SCOTTSDALE, AZ – It happens to everyone. Often times, quite innocently.

When conversing with a member of the opposite sex, your eyes are drawn – fleetingly but instinctively – to a part of that person that is not speaking.

The ’08 Dodge Avenger evokes the same behavior.

The beholder’s gaze is immediately diverted past its bold grille and dramatic roofline to the distinctive contours that arch over its rear door handles.

Fortunately, it is still politically correct to stare at a car.

Inspired by similar lines on the Avenger’s big brother, the Dodge Charger, these sharply defined curves suggest muscular haunches that are coiled and ready to strike.

However, the Avenger’s thrust comes from the front, which denotes a delicious irony.

The Avenger never delivers on the promise of performance made by its aggressive styling, a ruse only enhanced by a sporty interior and the RT model’s menacing exhaust tone, which is channeled through dual chrome tips.

The car’s top-line 235-hp 3.5L V-6 offers tepid throttle response and uninspiring acceleration from a standing start. In short, it looks faster than it is.

And that is the delicious part.

The Avenger is a mainstream sedan with attitude – unabashed, confident and slightly sinister American attitude with available 18-in. chrome-clad wheels. For less than $19,000.

Ford Motor Co. gets credit for restoring Yankee pride in the excitement-starved sedan segment with last year’s launch of the Ford Fusion. And Chrysler Group took a step in this direction with the blingy ’07 Chrysler Sebring.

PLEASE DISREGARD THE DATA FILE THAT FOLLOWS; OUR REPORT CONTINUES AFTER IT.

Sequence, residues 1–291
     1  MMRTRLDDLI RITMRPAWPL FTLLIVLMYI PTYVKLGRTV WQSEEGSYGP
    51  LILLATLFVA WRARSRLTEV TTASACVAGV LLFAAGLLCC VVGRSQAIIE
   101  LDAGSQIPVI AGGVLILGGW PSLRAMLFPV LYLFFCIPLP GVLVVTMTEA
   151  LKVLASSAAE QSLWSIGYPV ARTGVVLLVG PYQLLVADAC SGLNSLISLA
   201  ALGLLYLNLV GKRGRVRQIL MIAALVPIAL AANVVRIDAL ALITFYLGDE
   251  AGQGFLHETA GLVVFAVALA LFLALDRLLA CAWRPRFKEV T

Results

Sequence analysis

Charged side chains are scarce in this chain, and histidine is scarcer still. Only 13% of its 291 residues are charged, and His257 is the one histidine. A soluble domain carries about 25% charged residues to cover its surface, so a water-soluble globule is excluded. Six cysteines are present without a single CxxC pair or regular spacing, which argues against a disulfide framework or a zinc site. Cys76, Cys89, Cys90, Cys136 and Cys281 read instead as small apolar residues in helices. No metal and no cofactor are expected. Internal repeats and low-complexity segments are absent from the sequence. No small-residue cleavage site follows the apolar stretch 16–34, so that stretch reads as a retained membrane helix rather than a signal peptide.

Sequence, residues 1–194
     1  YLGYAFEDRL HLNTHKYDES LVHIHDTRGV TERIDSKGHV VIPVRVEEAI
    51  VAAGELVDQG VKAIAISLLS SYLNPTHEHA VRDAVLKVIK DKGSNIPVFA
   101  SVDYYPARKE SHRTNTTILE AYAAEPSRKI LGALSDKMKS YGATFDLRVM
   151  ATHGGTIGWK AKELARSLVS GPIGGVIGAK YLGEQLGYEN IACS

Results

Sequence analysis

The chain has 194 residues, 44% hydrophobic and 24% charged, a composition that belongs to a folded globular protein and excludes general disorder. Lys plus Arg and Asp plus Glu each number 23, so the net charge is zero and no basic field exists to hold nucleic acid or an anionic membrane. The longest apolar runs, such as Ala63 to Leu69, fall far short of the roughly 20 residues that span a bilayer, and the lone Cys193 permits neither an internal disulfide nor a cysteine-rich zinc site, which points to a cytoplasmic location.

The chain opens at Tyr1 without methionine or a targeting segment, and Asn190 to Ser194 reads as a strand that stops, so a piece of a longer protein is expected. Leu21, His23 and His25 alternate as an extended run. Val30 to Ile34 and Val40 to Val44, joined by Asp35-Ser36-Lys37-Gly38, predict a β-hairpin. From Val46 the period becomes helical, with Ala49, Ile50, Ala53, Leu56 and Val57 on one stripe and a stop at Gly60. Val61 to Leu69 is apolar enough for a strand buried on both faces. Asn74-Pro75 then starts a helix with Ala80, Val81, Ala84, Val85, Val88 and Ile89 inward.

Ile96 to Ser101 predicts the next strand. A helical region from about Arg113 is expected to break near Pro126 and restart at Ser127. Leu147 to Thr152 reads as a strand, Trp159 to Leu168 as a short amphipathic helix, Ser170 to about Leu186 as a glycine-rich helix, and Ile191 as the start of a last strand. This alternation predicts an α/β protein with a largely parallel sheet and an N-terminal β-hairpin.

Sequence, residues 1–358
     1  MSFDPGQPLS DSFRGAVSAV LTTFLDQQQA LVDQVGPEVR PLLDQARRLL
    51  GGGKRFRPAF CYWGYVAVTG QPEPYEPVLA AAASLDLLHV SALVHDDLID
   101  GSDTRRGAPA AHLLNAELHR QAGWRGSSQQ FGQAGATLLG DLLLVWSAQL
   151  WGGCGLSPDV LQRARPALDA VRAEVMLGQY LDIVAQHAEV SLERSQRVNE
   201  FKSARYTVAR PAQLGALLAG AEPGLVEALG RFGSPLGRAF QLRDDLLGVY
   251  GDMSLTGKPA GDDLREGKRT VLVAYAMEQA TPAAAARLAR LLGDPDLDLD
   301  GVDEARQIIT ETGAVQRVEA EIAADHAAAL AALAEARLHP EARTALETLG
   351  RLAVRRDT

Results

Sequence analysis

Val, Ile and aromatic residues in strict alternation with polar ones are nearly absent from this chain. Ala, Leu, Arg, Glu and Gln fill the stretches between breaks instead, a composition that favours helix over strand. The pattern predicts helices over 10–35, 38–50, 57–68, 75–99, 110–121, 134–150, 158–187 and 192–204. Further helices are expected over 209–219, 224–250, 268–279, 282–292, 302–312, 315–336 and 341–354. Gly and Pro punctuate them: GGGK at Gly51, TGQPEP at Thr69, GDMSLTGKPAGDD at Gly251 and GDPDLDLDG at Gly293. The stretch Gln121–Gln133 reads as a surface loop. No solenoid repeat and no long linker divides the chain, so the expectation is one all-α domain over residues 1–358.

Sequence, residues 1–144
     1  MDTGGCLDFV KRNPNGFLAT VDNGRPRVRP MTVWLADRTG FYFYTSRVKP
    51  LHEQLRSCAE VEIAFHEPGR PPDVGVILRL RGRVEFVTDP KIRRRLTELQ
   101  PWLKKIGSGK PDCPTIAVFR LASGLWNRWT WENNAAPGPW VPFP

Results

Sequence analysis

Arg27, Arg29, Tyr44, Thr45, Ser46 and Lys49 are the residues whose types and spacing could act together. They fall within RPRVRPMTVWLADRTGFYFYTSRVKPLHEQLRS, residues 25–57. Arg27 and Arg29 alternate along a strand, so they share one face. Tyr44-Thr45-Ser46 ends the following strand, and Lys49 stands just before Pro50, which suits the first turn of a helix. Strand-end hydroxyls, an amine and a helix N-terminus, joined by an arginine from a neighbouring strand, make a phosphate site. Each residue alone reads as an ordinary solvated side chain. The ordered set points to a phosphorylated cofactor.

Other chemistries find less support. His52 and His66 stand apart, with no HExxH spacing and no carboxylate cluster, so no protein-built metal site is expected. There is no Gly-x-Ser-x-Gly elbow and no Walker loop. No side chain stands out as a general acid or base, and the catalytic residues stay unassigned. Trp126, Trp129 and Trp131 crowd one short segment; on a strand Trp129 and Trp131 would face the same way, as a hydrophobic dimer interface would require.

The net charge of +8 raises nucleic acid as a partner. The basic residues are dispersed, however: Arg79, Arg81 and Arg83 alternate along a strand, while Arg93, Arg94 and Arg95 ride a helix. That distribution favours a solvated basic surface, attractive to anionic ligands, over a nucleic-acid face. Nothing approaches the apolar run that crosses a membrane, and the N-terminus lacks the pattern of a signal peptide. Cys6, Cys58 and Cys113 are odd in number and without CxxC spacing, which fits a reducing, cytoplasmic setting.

But Avenger goes all the way.

Chrysler took heat because its redesigned Sebring is not the “baby 300” market observers expected. The auto maker blames the inherent proportions of Sebring’s front-wheel-drive architecture.

The Avenger, however, succeeds as a “baby Charger.” Its pronounced wheel arches and that captivating curve cutting into the rear doors mitigate the dowdiness that comes with the requisite overhangs of FWD architectures.

And while the powertrain’s relative shortcomings only fuel aspirations for a future SRT edition (likely with all-wheel-drive), it will not disappoint as a daily driver. According to the latest fuel economy rating system, Chrysler promises the V-6 will deliver 16 mpg (14.7L/100 km) in the city and 26 mpg (9L/100 km) on the highway.

The base 2.4L I-4 World Engine is rated at 21 mpg (11.2L/100 km) and 30 mpg (7.8L/100 km), while the mid-range E85-compatible 2.7L V-6 offers 19 mpg (12.4L/100 km) and 27 mpg (8.7L/100 km).

For a performance-oriented feel, the 3.5L V-6 boasts Chrysler’s Auto Stick manual-mode feature that affords ready access to satisfying mid-range torque through a new 6-speed automatic transmission. Peak torque of 232 lb-ft. (315 Nm) is available at 4,000 rpm.

The only real compromises are in the vehicle’s interior. While roomy and outfitted with comfortable, supportive seating, many touch points are second-rate. Window switches are loud and directional rear-seat light-emitting diode dome lights – while an inspired feature – are wobbly and portend durability problems.

But with the swagger this car shows on the road, there is no need for an Avenger owner to look away in shame when the valet asks, “Which car is yours?” Stare ‘em straight in the eye and say, “The Avenger.”

emayne@wardsauto.com